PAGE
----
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The Memotech MTX Series

MTX BASIC Variable Storage


In Memory Format of MTX BASIC Variables

Courtesy of Bill Brendling

Much of the following information was derived from the source code of MTX2BAS produced by Paul Daniels, supplemented by the authors reading of the MTX source listing.


List of Variable Names

System variable VARNAM (0xFA7B) points to the bottom of a list of variable names.

The names in this list are mangled as follows: Each item in the list starts with the second character in the name, and continues to the last character. This is then followed by a byte which encodes both the first letter and the type of the variable. This byte always has bit 7 set (indicating the end of the item), bits 5&6 indicate the variable type, and bits 0-4 give the 5 lsb of the initial letter. The values of this byte are:

0xE0 0xFA        A numeric array

0xC0 0xDA       A numeric value

0xA0 0xBA       A string array

0x80 0x9A        A string value

The list is terminated by a 0xFF byte.

The position of a variable name in this list is called (by the ROM source listing), the UVI of the variable (the first name has a UVI of one (not zero)).

To find the UVI of a variable, construct a name string, mangled as above, set DE to the start of this string and then call to 0x30DC in the BASIC ROM (This is a call to an unnamed location within the SEARCH (0x30D5) routine. Returns with the UVI in BC and carry flag set if found, otherwise with carry flag clear.

List of Variable Values

The list of variable names is followed by the list of variable values. System variable VALBOT (0xFA7D) points to the start of the list, and system variable CALCBOT (0xFA7F) points just beyond the end of the list.

The address of a value item in this list is given by:

addr = CALBOT 5 * UVI

This is calculated by routine UVItoSRA (0x34A0) in the BASIC ROM. Call with UVI in BC, returns with address in HL.

Each of the items in this list is five bytes long, and the list is in reverse order of the names list.

The contents of the item varies according to the variable type identified above.

Numeric Array

Bytes 0-2:            24 bit virtual address of array data

Bytes 3&4:          16 bit word giving the number of dimensions.

Numeric Variable

The value of the variable is stored as a five byte floating point value.

String Array

An array of strings is actually represented as an array of characters with one extra dimension (the length of the strings)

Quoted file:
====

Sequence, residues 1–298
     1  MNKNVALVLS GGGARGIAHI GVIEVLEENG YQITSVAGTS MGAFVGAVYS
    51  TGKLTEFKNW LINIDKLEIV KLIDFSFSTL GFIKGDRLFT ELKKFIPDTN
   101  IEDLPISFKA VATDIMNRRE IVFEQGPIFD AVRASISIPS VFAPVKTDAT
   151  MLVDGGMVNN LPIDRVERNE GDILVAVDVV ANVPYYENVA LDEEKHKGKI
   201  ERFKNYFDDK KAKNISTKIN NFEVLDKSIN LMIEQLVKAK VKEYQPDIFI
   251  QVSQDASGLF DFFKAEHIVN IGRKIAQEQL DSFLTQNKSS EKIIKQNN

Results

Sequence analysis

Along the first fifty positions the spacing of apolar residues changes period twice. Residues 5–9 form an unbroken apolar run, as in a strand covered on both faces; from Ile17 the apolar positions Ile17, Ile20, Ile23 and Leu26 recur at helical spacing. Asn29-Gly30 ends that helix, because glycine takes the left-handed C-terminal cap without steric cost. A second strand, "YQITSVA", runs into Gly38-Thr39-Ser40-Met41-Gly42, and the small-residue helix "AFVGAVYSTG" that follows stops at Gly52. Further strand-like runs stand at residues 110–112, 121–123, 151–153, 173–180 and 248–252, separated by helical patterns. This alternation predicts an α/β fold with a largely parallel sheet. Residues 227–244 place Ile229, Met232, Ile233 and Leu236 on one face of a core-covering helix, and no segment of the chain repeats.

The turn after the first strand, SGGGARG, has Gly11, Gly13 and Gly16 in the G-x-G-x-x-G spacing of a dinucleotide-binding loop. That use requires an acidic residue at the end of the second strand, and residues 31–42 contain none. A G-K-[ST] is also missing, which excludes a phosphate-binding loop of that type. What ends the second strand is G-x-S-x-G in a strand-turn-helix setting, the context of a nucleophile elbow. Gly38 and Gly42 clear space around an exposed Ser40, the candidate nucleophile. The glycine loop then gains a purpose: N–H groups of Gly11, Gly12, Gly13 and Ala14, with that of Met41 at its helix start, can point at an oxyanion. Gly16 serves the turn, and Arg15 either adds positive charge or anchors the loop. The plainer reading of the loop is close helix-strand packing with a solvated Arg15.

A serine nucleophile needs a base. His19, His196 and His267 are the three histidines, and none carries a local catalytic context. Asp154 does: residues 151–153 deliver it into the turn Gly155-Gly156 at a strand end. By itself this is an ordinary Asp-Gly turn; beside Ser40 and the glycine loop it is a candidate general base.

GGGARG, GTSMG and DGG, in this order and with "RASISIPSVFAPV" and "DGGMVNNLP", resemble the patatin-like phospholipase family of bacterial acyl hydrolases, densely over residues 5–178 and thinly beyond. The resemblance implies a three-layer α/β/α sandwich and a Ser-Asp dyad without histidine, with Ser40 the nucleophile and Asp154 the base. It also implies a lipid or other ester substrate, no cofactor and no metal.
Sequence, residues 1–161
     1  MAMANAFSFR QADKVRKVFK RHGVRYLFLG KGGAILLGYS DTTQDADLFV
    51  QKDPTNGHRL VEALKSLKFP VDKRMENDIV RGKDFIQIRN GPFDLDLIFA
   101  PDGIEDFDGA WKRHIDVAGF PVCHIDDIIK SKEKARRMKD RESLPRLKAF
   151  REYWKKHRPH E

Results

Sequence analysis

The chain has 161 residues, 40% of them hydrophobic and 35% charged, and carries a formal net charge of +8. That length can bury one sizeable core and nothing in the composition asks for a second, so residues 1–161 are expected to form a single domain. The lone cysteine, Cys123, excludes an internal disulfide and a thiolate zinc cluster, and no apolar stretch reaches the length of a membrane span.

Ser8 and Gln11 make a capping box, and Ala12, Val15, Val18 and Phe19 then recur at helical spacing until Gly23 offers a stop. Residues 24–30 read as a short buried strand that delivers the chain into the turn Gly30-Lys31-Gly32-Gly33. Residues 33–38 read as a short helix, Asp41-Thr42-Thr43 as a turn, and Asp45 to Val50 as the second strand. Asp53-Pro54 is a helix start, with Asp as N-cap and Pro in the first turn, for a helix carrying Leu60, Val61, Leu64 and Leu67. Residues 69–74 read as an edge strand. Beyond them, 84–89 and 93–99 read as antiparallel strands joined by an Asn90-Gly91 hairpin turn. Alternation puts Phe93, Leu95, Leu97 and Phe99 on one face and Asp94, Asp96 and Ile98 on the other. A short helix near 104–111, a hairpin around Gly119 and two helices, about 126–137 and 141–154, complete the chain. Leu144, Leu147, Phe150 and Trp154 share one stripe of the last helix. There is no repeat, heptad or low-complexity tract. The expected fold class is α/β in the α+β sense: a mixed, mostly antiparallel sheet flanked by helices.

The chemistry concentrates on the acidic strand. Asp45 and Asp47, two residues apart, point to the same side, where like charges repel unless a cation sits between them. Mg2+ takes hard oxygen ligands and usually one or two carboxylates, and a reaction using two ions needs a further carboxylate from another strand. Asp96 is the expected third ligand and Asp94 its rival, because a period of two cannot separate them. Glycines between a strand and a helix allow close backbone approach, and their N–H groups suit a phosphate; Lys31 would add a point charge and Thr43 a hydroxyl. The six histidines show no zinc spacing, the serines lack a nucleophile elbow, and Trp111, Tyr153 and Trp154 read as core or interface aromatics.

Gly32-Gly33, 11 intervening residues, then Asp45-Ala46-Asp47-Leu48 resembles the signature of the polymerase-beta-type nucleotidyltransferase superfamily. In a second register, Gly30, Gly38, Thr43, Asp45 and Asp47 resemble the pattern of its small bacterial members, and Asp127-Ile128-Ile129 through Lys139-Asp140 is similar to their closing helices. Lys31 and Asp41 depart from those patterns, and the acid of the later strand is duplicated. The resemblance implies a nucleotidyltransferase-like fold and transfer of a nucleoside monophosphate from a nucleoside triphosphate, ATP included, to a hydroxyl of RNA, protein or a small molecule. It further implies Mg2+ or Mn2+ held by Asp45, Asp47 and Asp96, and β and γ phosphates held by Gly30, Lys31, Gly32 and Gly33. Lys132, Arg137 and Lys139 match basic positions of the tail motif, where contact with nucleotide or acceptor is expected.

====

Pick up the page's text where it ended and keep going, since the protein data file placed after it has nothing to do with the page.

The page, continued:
Bytes 0-2:            24 bit virtual address of string array data

Bytes 3&4:          16 bit word giving the number of dimensions plus 1.

String Variable

Bytes 0-2:            24 bit virtual address of string data

Bytes 3&4:          16 bit word giving the length of the string..

Array Data

This includes all strings, which are treated as arrays of characters.

Virtual Addresses

MTX Basic uses 24 bit virtual addresses to describe the location of array data (and program code?) in memory. This means that MTX BASIC is not limited to 48kB. To translate a virtual address (va) to a physical address the following algorithm is used:

ram_page = va >> 15

addr = ( va & 0x7FFF) + offset

where offset is 0x4000 for most pages, but 0x8000 for the last page. This means that the last page of virtual memory can extend into high memory at 0xC000 and above.

Routines VAtoLRA (0x357C) and (LRAtoVA (0x3593) in the BASIC ROM translate between physical and virtual addresses.

Numeric Array

The data for a numeric array starts with a list of the sizes of each dimension, stored as 16 bit words.

This is followed by a list of the floating point values, five bytes each, stored in the order of last dimension varying most rapidly (C style, not Fortran style).

String Array

The data for a string array starts with a list of 16 bit words that give the sizes of each dimension. This is followed by a 16 bit word giving the length of the strings in the array (the final dimension of the character array).

This is followed by the characters in the array, one byte each stored in the order of last dimension (the position in the string) varying most rapidly.

String variable

The data for a string starts with a 16 bit word (presumably the length of the string, repeating the value given in the variable values list) followed by the bytes giving the text of the string.



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